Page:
USPSTF Assessment

 

The USPSTF concludes with at least moderate certainty that there is a moderate net benefit to screening for depression in adults 18 years and older, including older adults, who receive care in clinical practices that have adequate systems in place to ensure accurate diagnosis, effective treatment, and appropriate follow-up after screening. The USPSTF also concludes with at least moderate certainty that there is a moderate net benefit to screening for depression in pregnant and postpartum women who receive care in clinical practices that have CBT or other evidence-based counseling available after screening.

 

Editorial: Recommendations for Screening for Depression in Adults

 

Michael E. Thase, M.D., of the University of Pennsylvania, Philadelphia, comments on the USPSTF recommendations in an accompanying editorial.

 

"Until there are better methods to match patients with specific forms of treatment, the best hope to improve on a B grade for patients with depression may be to adapt care systems to respond more flexibly and decisively to key events that are associated with nonadherence or treatment failure. For example, if the clinicians working within a collaborative care model could rapidly incorporate the information that an initial prescription was not filled or was not refilled, it may be possible to diminish the chances that nonadherence will compromise treatment outcome."

 

"Likewise, given evidence that nonresponse is predicted by a lack of symptom improvement during the first 14 days of therapy, web-based monitoring of symptoms early in the course of therapy may enable physicians and other mental health professionals to intervene more rapidly and reduce the chances of treatment failure. The same approach to ongoing care could be used to facilitate a more timely transition through treatment algorithms and more expeditious referral to specialty care."

http://www.sciencedaily.com/releases/2016/01/160126125228.htm

PTSD doubles diabetes risk in women

January 7, 2015

Science Daily/Columbia University's Mailman School of Public Health

Women with post-traumatic stress disorder are nearly twice as likely to develop type 2 diabetes compared with women who don't have PTSD, according to new research. The longitudinal cohort study provides the strongest evidence to date of a causal relationship between PTSD and type 2 diabetes.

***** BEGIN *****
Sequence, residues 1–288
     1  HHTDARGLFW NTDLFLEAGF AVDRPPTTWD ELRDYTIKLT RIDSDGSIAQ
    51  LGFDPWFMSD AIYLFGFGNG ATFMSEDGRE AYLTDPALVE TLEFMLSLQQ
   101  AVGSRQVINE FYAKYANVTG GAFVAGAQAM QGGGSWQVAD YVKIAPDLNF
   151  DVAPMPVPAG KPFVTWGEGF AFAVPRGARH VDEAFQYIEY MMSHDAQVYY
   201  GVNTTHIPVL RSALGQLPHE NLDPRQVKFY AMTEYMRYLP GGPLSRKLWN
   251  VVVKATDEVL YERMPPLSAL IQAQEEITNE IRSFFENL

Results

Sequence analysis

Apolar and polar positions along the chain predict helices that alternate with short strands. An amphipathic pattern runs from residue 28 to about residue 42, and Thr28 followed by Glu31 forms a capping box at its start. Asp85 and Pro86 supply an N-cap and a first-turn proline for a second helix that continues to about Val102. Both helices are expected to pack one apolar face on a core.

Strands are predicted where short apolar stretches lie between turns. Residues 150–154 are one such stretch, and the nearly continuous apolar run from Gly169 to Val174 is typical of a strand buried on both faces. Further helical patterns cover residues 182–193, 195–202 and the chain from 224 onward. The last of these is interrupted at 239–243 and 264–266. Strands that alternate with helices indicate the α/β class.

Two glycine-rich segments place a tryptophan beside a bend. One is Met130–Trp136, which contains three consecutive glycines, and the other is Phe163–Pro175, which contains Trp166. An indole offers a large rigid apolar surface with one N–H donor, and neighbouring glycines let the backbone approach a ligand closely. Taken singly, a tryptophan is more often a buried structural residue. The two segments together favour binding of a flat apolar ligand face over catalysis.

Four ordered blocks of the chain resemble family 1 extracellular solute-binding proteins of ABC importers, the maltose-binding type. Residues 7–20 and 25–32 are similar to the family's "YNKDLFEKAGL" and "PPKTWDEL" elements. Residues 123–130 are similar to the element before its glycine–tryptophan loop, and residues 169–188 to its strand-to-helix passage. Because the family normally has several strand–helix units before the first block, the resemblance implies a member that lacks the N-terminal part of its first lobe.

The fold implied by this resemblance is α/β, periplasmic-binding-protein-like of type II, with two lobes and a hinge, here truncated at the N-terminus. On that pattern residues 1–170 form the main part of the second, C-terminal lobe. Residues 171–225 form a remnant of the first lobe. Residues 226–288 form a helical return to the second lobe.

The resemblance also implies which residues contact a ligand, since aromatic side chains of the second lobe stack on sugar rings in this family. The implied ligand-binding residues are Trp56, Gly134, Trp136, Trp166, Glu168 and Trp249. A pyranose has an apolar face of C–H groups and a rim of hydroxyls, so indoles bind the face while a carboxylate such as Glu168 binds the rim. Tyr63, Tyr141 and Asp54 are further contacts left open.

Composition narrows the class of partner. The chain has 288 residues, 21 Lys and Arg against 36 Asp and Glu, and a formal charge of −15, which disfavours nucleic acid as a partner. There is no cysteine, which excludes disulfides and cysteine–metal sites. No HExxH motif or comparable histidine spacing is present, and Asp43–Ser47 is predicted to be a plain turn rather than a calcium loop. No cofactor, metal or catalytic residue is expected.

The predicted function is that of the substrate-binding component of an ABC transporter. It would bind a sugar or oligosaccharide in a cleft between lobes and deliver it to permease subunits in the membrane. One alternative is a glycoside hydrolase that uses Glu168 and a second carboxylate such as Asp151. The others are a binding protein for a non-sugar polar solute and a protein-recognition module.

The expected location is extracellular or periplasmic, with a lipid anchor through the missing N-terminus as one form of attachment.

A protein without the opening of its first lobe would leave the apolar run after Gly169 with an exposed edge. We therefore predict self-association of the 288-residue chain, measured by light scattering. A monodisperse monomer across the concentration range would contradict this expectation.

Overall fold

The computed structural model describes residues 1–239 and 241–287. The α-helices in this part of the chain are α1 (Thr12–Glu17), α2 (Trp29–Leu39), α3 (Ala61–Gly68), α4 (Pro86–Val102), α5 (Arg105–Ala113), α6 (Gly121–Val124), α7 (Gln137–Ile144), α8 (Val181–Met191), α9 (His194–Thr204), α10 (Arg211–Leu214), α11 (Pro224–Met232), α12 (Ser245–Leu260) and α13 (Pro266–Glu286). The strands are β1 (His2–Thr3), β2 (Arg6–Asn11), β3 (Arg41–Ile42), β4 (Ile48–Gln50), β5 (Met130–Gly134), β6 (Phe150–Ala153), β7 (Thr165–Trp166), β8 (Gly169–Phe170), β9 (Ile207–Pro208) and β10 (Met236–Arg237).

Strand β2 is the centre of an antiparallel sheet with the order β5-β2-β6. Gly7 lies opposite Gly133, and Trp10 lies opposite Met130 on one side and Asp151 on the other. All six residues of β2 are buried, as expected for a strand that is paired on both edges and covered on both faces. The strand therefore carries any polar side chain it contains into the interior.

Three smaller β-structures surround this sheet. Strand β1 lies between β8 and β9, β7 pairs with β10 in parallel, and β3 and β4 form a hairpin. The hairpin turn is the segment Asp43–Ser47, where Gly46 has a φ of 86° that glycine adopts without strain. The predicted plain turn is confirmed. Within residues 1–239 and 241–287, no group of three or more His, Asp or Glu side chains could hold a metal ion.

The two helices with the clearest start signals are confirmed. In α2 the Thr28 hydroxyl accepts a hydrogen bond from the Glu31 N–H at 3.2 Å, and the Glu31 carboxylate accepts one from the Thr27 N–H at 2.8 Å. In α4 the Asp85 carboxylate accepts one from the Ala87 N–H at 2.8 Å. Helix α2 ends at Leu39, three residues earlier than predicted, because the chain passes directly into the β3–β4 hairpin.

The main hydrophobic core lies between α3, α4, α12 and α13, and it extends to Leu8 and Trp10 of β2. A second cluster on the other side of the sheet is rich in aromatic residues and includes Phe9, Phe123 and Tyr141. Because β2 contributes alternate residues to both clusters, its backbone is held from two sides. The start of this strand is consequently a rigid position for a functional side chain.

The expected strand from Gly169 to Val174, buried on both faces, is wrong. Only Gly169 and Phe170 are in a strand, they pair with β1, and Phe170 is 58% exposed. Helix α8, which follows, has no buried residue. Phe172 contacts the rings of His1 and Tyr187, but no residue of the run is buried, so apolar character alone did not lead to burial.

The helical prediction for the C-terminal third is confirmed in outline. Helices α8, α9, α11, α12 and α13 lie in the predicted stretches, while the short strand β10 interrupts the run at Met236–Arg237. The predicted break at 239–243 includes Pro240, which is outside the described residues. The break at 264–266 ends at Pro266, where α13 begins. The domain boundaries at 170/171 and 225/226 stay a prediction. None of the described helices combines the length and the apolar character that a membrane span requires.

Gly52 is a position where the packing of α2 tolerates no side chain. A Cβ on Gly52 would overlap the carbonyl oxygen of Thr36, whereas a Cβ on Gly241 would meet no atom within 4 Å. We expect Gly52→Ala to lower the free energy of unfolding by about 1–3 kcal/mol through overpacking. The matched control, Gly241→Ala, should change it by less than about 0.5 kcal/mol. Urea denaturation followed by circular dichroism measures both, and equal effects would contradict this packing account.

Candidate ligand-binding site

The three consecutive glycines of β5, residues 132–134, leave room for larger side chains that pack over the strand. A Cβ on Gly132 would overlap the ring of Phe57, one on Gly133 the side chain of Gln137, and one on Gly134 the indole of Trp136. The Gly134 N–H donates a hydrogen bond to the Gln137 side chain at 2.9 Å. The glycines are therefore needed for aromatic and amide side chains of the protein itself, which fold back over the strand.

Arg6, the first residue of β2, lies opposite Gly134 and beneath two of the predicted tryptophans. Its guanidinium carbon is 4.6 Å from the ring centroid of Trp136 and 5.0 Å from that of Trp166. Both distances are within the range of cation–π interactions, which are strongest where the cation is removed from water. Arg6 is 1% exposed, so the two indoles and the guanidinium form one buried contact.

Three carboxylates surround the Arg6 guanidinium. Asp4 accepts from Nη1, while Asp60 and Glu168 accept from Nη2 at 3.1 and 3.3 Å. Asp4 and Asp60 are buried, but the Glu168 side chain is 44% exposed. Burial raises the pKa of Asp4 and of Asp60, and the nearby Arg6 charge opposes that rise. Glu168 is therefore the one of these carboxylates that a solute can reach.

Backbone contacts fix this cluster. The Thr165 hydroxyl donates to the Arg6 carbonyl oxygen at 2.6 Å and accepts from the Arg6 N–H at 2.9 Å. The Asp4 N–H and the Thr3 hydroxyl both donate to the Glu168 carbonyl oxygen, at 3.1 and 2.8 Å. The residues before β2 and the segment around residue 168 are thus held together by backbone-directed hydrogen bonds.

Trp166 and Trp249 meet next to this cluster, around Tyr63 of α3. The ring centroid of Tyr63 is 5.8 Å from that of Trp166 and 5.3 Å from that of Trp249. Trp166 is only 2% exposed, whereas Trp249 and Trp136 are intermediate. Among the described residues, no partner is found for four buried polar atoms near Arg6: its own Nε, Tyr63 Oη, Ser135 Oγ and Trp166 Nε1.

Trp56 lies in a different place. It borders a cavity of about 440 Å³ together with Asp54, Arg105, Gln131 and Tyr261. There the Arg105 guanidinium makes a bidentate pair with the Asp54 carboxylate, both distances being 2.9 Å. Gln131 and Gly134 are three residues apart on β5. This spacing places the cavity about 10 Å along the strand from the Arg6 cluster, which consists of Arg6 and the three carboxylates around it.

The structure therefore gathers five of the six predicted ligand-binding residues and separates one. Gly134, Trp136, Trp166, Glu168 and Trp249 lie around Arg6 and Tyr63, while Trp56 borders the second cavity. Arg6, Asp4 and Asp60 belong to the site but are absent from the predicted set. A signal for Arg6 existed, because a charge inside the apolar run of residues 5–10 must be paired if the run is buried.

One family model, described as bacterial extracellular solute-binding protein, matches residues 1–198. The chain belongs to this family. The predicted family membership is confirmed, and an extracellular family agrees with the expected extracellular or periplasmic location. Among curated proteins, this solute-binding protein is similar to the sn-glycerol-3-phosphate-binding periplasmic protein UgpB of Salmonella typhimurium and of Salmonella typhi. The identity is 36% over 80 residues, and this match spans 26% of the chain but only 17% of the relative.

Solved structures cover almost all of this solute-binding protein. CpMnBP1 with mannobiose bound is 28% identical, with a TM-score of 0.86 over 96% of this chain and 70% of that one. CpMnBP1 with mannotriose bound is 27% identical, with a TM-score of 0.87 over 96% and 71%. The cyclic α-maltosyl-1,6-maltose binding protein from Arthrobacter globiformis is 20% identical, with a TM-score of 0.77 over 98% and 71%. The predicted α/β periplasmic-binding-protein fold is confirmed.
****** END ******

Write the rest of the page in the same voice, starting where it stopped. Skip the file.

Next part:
The longitudinal cohort study provides the strongest evidence to date of a causal relationship between PTSD and type 2 diabetes. Results are published online in the journal JAMA Psychiatry.

 

The researchers analyzed survey data collected between 1989 and 2011 from 49,739 women enrolled in the Nurses Health Study II and found a dose-response relationship: the greater the number and severity of PTSD symptoms, the greater a woman's risk of type 2 diabetes. Four percent of the nurses reported the highest number of PTSD symptoms. By age 60, nearly 12 percent of women with the highest number of PTSD symptoms had developed type 2 diabetes, whereas fewer than 7 percent of women with no trauma exposure had diabetes.

 

Antidepressant use and elevated body mass index accounted for nearly half of the increased risk of type 2 diabetes, or 34 and 14 percent, respectively. On the other hand, smoking, diet quality, alcohol intake, and physical activity did not explain the association.

 

One in nine women will have PTSD at sometime over the course of her lifetime--twice the rate of men. Women are also more likely to experience extreme traumatic events like rape that carry a high risk for the disorder.

 

"Not only is PTSD devastating to mental health, but it affects physical health too, raising risk for cardiovascular disease, diabetes, and obesity," said senior author Karestan C. Koenen, PhD, professor in the Department of Epidemiology at the Mailman School.